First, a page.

May 17, 2016 Europe Publication

Patient-centred resistance exercise improves muscle strength, health status and pain intensity in fibromyalgia—a randomized controlled trial

Introduction

Fibromyalgia (FM) is characterized by persistent widespread pain, increased pain sensitivity and tenderness. Muscle strength in women with FM is reduced compared to healthy women. The aim of this study was to examine the effects of a progressive resistance exercise program on muscle strength, health status, and current pain intensity in women with FM.

Methods

A total of 130 women with FM (age 22–64 years, symptom duration 0–35 years) were included in this assessor-blinded randomized controlled multi-center trial examining the effects of progressive resistance group exercise compared with an active control group. A person-centred model of exercise was used to support the participants’ self-confidence for management of exercise because of known risks of activity-induced pain in FM. The intervention was performed twice a week for 15 weeks and was supervised by experienced physiotherapists. Primary outcome measure was isometric knee-extension force (Steve Strong®), secondary outcome measures were health ...

May 16, 2016 Africa, Europe Publication

Voices on person-centred care

What is person-centred care to a patient, a physician, a nurse, a hospital head of department, an industry representative and a researcher? How do these people, who all have experience of receiving or working with person-centred care, see person-centred care from their perspectives? Short film clips from the University of Gothenburg Centre for Person-centred Care - GPCC. GPCC is an in terdisciplinary research centre, established in January 2010, with the support of the Swedish government's strategic investment in health and care research. Uniquely GPCC has evaluated the effects of person-centred care in controlled studies. This has established that person-centred care is capable of enhancing the efficiency of the care process. Apart from considerable monetary savings resulting from amongst other things shorter hospital stays, significant positive effects from a patient perspective have been seen, as care is adapted to each individual person and his or her resources are made use of.

Feb. 29, 2016 Global Publication

The Users’ Perspective: What Integrated Care should look like

At the International Conference on Integrated Care 2014, Robert Johnstone, Trustee of the International Alliance of Patients’ Organisations, gave a talk titled "The Users’ Perspective: What Integrated Care should look like". Having had chronic rheumatoid arthritis since the age of three, he shared his personal story of moving away from being “a very passive recipient of care” to becoming "a self-managing patient”. When he was about fourteen years old, he told his rheumatologist that eating acidic food seemed to make his pain worse. The rheumatologist replied that this was not possible, so because he trusted his doctor he kept eating acidic food and feeling pain. Later in his life, he progressively learned to listen to his own body and to work out what was good and what was bad for him. He gradually reduced his use of medications until he stopped taking them completely while using complementary therapies and focusing ...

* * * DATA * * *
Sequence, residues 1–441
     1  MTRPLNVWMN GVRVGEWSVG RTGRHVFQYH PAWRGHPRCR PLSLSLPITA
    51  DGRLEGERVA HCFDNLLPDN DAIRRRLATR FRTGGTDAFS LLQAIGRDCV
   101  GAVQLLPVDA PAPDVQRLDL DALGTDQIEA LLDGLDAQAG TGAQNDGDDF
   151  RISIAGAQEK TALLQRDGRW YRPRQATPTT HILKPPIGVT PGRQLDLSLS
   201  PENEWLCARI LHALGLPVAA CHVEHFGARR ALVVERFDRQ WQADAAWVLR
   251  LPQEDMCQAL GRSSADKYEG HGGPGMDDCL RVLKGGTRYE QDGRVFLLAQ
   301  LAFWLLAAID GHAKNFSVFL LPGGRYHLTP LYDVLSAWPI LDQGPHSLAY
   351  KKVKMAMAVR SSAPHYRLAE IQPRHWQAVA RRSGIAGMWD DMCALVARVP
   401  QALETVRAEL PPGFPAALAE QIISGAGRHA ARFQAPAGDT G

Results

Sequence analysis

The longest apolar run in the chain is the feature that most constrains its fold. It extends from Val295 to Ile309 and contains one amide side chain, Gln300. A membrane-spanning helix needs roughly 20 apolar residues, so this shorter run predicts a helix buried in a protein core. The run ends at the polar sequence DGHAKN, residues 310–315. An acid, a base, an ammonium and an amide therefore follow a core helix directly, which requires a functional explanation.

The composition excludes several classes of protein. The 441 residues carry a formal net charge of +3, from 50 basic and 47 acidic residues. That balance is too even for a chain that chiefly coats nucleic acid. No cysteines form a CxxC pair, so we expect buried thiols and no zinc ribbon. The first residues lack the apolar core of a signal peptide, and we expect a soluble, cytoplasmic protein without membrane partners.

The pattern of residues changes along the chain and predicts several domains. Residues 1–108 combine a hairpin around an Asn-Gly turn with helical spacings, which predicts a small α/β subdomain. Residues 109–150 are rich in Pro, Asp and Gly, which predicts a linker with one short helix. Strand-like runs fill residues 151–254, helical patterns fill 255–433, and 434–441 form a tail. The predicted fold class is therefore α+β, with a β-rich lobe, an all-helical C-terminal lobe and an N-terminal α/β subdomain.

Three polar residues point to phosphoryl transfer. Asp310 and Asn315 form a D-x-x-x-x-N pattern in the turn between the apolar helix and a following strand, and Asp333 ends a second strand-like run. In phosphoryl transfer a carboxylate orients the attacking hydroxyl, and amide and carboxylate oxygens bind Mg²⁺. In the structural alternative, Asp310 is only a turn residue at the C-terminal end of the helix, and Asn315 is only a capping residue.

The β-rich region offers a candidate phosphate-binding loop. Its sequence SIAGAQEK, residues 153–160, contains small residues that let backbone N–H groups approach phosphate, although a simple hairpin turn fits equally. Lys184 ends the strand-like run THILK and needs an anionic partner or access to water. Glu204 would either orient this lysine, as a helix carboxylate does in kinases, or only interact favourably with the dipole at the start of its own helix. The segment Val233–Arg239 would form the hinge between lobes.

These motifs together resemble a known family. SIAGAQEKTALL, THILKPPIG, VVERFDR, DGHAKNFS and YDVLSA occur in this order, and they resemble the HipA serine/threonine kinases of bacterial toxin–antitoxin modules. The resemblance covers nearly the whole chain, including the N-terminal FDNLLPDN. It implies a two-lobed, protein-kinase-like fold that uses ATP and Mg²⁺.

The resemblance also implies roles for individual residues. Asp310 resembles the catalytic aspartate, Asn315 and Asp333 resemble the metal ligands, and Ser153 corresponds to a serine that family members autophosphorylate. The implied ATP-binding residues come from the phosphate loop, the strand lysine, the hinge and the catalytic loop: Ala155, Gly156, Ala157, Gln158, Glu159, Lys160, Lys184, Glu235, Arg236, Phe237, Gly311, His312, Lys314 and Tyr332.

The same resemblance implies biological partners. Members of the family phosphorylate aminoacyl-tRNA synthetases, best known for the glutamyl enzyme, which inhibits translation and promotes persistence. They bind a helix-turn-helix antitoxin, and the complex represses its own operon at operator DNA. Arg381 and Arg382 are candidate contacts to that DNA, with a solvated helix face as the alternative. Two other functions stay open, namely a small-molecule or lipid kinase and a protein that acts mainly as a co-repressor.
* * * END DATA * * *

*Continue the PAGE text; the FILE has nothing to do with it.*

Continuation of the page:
Feb. 7, 2016 Europe Publication

I’m Still Me: A Narrative For Coordinated Support For Older People

Care coordination should be a means to achieving specific outcomes, rather than an end in itself. In turn, it is important that these outcomes reflect what patients want. In December 2014, National Voices, Age UK and UCLPartners jointly published I’m Still Me, a document that focuses on what older people consider to be the most important outcomes of coordinated support. The report is based on a variety of research methods, including 74 semi-structured interviews with older individuals. The research identifies a number of outcomes which are key to older people, such as maintaining their independence and retaining their own choice in decision making. I’m Still Me also includes a series of ‘I statements’ that summarise what older people have said they want their support to look like. For example: "I am supported to be independent"; “I can do activities that are important to me”; “I can maintain social ...

Jan. 19, 2016 Global Publication

Person-centred Care Around the World

This directory of person-centred care organisations around the world was produced as part of an international environment scan of the field of person-centred care undertaken by Health Policy Partnership. This useful tool highlights the leading international centres working on similar aspects of person-centred care to the Health Foundation. The tool can help to identify person-centred care research, measurement and implementation ‘hot spots’ in different settings globally. The tool enables collaboration between those working on person-centred care by providing key information on the type of work being undertaken on person-centred care. Please share this tool with contacts and colleagues to encourage greater collaboration.